The Death of Small Banks in the US
The US government is going to kill the small banking industry in the US. The irony is hard to miss. It was not the small banks that threatened the financial system in the crisis of 2008. Yet they will bear the brunt of the regulatory costs imposed in its wake. The end result will be that US banking assets will collect into the hands of even larger banks.
It is a shame. Yet the death of the lamb is the life of the wolf, as an old saying has it. In other words, it is not all bad for everybody, as I’ll explain below.
First, let me begin with a piece of anecdotal evidence from the departing CEO of Third Street Bancshares, based in Marietta, Ohio. His name is James Meagle Jr., and he had been in banking for 40 years.
A CEO leaves some company somewhere every day. That, in itself, is not news. But few CEOs depart by saying that the company he’s leaving might not survive. Citing tremendous changes in regulatory costs and compliance issues, Meagle said he “didn’t have the patience anymore.” His old bank will have to spend about $100,000 to meet new demands from regulators. For a little bank with one branch, $100,000 is a lot of money. I bet it is a big chunk of the money it makes in a year. Third Street is privately held, so we can’t know for sure.
“I don’t know how we’re going to be able to make it,” Meagle tells SNL Financial. “We can [survive], but we’re just spending so much time and energy complying with these new regulations.”
“Absolutely ludicrous,” is how he described the regulators’ level of scrutiny.
What’s this bank to do? Merge.
“We’ve been able to hold our earnings up and we’re still well capitalized,” Meagle continues “but what I see coming in the future is not pretty. We really do not want to sell, but we may have no other options.”
It’s a story I’ve heard often from banking industry executives, as well as from professional investors in the banking sector. The small banks will have to sell out to larger banks, which can spread out those costs over a larger asset base.
Some more color to the backdrop may help you focus in here. Let us consider the US banking system. What does it look like? Well, the top 20 banks hold nearly 80% of the industry’s assets today. Take a look at the nearby chart.
The question naturally arises: How big do you have to be to earn an attractive return as a banking franchise in the US of A?
It’s an unsettled question, even among industry insiders. What’s nearly certain is that the 2,490 banks on the bottom are toast. Those are the Third Street Bancshares of the world. Way too small to even make a go of it, like a 9-year-old trying to block linebacker Ray Lewis.
The next level up will probably have to sellout as well. These are the 4,000-plus banks with assets up to $1 billion. In fact, regulatory costs, as well as banks’ net profit margins (from low interest rates), put pressure on the next block up to consolidate.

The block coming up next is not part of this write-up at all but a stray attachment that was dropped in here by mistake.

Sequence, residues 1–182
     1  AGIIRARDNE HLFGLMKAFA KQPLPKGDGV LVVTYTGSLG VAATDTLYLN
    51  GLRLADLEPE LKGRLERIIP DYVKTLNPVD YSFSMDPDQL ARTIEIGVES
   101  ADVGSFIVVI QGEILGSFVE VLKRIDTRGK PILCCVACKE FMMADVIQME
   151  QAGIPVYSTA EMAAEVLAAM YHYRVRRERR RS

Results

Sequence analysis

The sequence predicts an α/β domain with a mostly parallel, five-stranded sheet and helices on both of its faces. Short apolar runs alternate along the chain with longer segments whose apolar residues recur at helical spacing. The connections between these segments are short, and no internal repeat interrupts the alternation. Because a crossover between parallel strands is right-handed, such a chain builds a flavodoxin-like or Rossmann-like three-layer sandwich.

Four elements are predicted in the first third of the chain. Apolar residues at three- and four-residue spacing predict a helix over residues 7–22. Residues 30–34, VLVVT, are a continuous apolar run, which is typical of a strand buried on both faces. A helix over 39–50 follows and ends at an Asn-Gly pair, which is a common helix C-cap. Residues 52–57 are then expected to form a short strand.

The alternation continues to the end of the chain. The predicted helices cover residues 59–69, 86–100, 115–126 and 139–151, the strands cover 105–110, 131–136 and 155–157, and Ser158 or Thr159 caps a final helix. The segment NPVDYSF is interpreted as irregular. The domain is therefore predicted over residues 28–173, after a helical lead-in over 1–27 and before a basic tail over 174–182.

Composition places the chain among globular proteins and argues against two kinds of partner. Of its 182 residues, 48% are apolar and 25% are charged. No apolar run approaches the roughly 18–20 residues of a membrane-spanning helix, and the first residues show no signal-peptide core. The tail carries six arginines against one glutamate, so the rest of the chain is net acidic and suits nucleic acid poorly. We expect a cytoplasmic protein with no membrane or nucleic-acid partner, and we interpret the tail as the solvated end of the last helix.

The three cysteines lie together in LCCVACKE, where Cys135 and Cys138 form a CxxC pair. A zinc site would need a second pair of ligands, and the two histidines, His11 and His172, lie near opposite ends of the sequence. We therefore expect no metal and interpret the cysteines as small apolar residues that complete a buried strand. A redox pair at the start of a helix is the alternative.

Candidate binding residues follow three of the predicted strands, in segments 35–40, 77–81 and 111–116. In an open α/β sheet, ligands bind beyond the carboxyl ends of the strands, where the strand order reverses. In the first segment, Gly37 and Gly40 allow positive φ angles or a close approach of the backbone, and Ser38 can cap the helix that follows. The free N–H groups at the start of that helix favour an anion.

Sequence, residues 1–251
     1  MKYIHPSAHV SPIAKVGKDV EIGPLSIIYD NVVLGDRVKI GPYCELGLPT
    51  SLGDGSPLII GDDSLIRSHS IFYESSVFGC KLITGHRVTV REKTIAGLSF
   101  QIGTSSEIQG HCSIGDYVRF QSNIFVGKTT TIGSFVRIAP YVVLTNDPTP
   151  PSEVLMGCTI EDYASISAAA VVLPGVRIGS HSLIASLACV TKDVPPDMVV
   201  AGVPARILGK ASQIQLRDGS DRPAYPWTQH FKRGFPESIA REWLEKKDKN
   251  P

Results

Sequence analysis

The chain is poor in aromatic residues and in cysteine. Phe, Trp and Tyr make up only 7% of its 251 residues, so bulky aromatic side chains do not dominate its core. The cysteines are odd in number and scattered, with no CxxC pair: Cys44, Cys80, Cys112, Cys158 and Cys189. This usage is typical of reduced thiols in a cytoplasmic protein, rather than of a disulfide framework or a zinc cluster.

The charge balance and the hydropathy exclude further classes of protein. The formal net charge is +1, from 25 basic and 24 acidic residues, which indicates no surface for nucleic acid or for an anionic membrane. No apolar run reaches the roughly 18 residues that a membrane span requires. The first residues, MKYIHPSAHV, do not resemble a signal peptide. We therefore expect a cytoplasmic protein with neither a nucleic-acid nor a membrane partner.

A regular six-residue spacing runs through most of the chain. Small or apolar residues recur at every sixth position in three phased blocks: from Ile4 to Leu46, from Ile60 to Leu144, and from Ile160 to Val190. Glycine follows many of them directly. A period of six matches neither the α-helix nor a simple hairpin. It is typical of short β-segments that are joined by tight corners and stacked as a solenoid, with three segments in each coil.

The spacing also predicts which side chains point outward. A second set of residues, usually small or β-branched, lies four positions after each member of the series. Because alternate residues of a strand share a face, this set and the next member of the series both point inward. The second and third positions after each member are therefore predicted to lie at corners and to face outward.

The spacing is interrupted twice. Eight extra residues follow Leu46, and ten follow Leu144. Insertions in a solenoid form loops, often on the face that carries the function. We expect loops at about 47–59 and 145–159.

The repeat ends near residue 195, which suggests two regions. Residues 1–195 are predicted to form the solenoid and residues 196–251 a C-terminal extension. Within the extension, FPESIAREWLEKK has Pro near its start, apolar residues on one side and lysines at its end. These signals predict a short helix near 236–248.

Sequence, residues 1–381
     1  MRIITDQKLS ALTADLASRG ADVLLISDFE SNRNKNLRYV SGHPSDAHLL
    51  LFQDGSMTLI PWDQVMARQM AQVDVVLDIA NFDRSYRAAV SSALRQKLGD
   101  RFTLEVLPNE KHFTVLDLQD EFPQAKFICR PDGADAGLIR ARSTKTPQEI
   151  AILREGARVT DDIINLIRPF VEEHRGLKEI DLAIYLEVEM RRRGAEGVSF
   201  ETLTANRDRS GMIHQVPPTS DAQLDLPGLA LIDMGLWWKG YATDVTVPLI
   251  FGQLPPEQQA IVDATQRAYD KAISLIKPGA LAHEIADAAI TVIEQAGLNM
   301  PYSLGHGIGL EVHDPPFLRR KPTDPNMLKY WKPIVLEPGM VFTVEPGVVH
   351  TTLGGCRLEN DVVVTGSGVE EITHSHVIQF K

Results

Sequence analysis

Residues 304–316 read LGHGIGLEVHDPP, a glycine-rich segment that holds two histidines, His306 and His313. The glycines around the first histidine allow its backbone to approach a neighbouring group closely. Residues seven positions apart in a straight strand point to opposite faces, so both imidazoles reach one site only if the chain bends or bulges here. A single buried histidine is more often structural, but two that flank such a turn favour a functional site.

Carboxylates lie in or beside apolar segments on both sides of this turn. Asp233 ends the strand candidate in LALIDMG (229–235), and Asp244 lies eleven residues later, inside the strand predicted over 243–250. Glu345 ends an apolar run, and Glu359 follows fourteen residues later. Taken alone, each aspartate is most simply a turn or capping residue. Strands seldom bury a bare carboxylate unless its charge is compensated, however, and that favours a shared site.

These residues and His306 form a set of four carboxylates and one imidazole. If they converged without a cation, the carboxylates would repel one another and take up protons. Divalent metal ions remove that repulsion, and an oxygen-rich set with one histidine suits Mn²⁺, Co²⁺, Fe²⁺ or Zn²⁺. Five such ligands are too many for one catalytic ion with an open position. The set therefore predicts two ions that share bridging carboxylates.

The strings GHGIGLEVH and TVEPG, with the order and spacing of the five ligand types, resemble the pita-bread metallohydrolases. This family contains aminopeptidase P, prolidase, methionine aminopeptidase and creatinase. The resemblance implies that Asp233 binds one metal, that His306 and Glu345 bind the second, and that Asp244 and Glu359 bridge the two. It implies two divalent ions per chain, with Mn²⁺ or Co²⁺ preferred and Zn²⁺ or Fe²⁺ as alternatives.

Now here is the opportunity — and more irony.
For good banks, buyouts occur at premiums to book value. Yet many healthy small banks trade below book value. In fact, in a recent issue of Mayer’s Special Situations, I urged my subscribers to invest in three specific small banks. Each of them trades below book value. Each of them has plenty of capital. And my bet is that at least one of them — and maybe all of them — gets bought out at a premium to book value in the next five years.
I expect we’ll see many of the smaller banks combining over the next several years, like droplets of water forming with other droplets of water to make bigger and bigger drops of waters. As investors, you gain by owning the undervalued, small banks.
But you can also play the acquirers. Here, you want to own the healthy predators, such as Republic Bancorp (NASDAQ:RBCAA), which has picked up a couple of failed banks in the last couple of years. It is a consolidator of banks and will grow as a result of the acquisitions.
Investors benefit from consolidation because larger banks get a better multiple.
Some months ago, I spoke with John Palmer at PL Capital, an outstanding investor in bank stocks. As John explained, “The larger the bank, the better they tend to trade off of book value.” Typically, a $3 billion bank will have a higher trading multiple than a $1 billion bank. And a $1 billion bank will have a higher trading multiple than a $500 million bank. So by moving up the food chain, a bank can actually increase its trading value based on asset size.
“That’s why these companies are looking to buy other banks and get bigger,” John said. “If they can move from $1.5 billion to $3 billion and get some cost savings out of it, they are going to get a higher trading value. If they can go from $3 billion to $5 billion, they are going to get a higher trading value again.”
The unfortunate part is that the industry consolidation underway will mean the death of the small community bank. The consequence of all those new rules and regulations is that the US banking system will become even more top-heavy. Banks will get even bigger. Banking assets will concentrate in fewer hands. And while I expect there will be lots of foot-dragging and resistance from entrenched boards and management teams, I think the deals will get done. There is too much money at stake.
The eventual death of small banks ought to mean good returns over the next few years as these dynamics play out. For investors in bank stocks, the irony is profitable.